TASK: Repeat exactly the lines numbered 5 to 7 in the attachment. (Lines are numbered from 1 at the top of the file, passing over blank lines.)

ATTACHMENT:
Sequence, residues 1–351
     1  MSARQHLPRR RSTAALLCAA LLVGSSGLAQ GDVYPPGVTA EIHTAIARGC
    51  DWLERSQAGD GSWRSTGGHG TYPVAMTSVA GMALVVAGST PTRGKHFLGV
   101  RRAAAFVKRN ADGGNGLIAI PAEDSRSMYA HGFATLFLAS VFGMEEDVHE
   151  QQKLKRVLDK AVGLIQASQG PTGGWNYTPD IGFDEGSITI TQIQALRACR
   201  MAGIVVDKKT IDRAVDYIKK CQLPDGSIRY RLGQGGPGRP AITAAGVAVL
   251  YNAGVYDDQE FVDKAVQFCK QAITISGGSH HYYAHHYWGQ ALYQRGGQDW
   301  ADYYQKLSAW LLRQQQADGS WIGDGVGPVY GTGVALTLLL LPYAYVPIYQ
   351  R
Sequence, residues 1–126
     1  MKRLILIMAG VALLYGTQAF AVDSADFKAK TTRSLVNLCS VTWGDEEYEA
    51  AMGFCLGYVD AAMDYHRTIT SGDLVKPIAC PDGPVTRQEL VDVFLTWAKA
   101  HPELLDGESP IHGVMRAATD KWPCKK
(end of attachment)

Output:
   151  QQKLKRVLDK AVGLIQASQG PTGGWNYTPD IGFDEGSITI TQIQALRACR
   201  MAGIVVDKKT IDRAVDYIKK CQLPDGSIRY RLGQGGPGRP AITAAGVAVL
   251  YNAGVYDDQE FVDKAVQFCK QAITISGGSH HYYAHHYWGQ ALYQRGGQDW